This is the final one of a series of posts about the manuscript “Finite Part of Operator K-theory for Groups Finitely Embeddable into Hilbert Space and the Degree of Non-rigidity of Manifolds” (ArXiv e-print 1308.4744. http://arxiv.org/abs/1308.4744) by Guoliang Yu and Shmuel Weinberger. In previous posts (most recently this one) I’ve described their main result about the assembly map, what I call the Finite Part Conjecture, and explained some of the methodology of the proof for the large class of groups that they call “finitely embeddable in Hilbert space”. Now I want to explain some of the consequences of the Finite Part Conjecture. Continue reading

# Tag Archives: scalar curvature

# Positive scalar curvature partial vanishing theorems and coarse indices

This paper, http://arxiv.org/abs/1210.6100, has been accepted by the Proceedings of the Edinburgh Mathematical Society. I just sent off the copyright transfer form this evening, so everything is now set, I hope.

The paper is mostly paying an expository debt. In my CBMS lecture notes I said that if one has the Dirac operator on a complete spin manifold \(M\), and if there is some subset \(N\subseteq M\) such that \(D\) has uniformly positive scalar curvature outside \(N\), then the index of \(D\) belongs to the K-theory of the ideal \(I_N \triangleleft C^*(M) \) associated to the subset \(N\). A very special case of this is the observation of Gromov-Lawson that \(D\) is Fredholm if we have uniformly positive scalar curvature outside a compact set. There are of course analogous results using thepositivity of the Weitzenbock curvature term for other generalized Dirac operators.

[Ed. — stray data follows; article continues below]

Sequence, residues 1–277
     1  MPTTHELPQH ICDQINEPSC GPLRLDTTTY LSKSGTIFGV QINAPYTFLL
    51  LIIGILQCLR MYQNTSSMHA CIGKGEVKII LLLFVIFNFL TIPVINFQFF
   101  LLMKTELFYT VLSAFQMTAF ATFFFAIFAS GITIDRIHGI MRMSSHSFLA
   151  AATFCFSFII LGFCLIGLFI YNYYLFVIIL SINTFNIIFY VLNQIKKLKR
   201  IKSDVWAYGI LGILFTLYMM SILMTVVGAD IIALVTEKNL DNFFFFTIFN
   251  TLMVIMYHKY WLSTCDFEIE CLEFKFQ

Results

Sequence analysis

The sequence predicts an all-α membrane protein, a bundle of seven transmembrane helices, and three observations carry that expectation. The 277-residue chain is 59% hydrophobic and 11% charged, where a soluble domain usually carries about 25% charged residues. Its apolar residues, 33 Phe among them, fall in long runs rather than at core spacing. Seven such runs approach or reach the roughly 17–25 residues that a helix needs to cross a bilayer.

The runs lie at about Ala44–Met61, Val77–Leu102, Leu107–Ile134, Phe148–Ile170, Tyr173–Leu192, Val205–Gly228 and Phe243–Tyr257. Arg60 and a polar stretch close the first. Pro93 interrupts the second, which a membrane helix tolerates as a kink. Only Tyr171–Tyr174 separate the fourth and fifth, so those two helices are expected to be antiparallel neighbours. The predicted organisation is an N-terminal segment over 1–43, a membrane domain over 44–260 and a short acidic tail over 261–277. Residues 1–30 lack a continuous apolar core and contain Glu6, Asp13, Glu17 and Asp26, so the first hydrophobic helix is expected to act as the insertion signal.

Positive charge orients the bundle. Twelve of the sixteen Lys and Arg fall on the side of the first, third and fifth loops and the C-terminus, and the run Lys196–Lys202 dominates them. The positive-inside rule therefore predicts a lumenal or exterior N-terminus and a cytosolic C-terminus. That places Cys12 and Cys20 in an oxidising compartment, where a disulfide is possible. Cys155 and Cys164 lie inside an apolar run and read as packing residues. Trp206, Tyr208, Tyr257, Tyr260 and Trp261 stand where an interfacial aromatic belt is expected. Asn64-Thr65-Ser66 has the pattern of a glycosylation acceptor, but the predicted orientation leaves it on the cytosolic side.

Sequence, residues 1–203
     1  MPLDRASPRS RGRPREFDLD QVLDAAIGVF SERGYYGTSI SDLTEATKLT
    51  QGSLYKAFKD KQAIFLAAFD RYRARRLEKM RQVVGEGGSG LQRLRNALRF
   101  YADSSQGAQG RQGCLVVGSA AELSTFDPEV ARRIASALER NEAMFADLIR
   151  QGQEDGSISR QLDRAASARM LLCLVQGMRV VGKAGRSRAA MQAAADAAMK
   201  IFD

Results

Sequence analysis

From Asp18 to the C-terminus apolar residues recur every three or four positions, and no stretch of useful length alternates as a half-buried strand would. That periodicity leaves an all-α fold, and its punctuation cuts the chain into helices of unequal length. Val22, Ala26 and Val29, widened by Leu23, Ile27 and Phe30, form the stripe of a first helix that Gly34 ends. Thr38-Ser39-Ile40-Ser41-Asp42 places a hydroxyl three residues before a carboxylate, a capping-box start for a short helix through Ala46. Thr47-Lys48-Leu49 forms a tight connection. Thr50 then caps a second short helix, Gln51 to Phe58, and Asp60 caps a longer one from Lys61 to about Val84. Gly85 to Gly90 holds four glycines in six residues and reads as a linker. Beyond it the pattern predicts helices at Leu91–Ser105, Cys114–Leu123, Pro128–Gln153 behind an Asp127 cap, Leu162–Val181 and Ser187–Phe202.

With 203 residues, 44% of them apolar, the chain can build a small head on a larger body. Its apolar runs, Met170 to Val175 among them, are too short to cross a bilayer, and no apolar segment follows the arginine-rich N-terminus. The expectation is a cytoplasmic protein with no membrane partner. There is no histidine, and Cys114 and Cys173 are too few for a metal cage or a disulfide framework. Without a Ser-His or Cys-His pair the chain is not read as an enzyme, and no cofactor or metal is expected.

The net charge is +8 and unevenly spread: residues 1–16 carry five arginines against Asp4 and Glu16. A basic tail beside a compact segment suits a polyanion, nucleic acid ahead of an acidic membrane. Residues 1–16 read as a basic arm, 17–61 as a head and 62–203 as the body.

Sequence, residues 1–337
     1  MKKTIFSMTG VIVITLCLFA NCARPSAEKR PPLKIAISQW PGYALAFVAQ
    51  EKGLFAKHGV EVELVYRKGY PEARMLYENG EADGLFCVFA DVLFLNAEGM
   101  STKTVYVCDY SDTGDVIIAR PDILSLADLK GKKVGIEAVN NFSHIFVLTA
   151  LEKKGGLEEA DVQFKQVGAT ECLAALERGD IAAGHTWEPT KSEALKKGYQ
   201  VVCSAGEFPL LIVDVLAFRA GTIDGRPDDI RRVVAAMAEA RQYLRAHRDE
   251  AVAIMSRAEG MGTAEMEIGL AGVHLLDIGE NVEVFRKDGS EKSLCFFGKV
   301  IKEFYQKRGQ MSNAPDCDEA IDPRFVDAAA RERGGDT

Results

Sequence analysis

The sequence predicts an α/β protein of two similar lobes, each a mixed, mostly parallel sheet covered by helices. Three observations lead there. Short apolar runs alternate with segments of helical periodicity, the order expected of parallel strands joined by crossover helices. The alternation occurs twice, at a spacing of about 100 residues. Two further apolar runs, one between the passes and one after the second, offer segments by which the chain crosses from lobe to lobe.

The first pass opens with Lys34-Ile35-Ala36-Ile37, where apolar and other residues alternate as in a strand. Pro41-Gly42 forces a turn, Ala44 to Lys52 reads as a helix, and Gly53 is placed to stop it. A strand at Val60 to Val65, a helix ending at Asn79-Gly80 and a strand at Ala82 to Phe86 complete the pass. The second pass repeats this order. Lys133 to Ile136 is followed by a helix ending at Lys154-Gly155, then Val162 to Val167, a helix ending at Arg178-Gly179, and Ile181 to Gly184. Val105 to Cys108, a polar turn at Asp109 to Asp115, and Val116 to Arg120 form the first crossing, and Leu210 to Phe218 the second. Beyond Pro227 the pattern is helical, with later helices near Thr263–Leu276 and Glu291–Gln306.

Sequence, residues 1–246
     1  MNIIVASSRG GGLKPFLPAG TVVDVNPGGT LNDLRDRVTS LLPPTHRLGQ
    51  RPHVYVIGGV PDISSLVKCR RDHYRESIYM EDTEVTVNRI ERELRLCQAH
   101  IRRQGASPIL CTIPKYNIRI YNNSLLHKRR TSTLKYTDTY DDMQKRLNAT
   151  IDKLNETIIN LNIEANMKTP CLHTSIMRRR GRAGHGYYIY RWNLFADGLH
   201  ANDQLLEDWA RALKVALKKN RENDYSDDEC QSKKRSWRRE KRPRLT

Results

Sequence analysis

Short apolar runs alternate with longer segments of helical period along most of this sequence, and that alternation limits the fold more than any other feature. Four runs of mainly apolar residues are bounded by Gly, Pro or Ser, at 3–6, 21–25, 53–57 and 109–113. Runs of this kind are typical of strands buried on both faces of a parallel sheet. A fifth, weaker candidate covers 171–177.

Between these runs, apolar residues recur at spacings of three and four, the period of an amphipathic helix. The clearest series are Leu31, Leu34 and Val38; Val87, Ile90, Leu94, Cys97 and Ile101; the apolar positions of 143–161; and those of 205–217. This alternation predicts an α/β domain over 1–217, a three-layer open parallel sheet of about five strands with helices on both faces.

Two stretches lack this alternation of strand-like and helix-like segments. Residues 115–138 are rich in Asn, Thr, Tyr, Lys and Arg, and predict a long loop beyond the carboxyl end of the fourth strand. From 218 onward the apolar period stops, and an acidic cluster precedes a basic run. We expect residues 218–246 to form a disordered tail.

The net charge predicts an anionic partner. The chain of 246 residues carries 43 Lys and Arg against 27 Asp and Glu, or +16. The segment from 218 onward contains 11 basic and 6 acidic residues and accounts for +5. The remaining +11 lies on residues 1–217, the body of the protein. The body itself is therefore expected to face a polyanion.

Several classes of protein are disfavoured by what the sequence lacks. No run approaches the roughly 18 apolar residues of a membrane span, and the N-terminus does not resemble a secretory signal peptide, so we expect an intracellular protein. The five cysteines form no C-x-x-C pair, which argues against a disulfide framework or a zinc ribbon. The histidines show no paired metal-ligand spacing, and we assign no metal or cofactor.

Until now, I had not written up the proof of this assertion, but I felt last year that it was (past) time to do so. This paper contains the proof and also that of the associated general form of the Gromov-Lawson relative index theorem which also appears in my CBMS notes. The latter proof uses some results from my paper with Paul Siegel on sheaf theory and Pashcke duality.

The submission to PEMS is in honor of a very pleasant sabbatical spent in Edinburgh in fall 2004.

# Macroscopic dimension and PSC, after Dranishnikov

Sasha Dranishnikov gave a talk describing some of his results about Gromov’s conjecture relating positive scalar curvature and *macroscopic dimension*.

**Definition** (Gromov) Let \(X\) be a metric space. We say that \(X\) has *macroscopic dimension \(\le n\)* if there exists a continuous, *uniformly cobounded* \(f\colon X\to K\), where \(K\) is an \(n\)-dimensional simplicial complex. We recall that* uniformly cobounded* means that there is an upper bound on the diameters of inverse images of simplices.

This is a metric notion, but it is quite different from the familiar *asymptotic dimension*. One way of defining the latter says that \(X\) has asymptotic dimension \(\le n\) if, for each \(\epsilon>0\), there is an \(\epsilon\)-*Lipschitz* uniformly cobounded map to an \(n\)-dimensional simplicial complex (here, we agree to metrize \(K\) as a subset of the standard simplex in infinite-dimensional Euclidean space). From this definition it is apparent that the macroscopic dimension is less than or equal to the asymptotic dimension. On the other hand, it is also clear that the macroscopic dimension is less than or equal to the ordinary topological dimension.

Gromov famously conjectured that the universal cover of a compact \(n\)-manifold that admits a metric of positive scalar curvature should have macroscopic dimension \(\le n-2\). The motivating example for this conjecture is a manifold \(M^n = N^{n-2}\times S^2 \) – this clearly admits positive scalar curvature, and its universal cover has macroscopic dimension at most \(n-2\). Gromov’s conjecture suggests that this geometric phenomenon is “responsible” for all positive scalar curvature metrics. Continue reading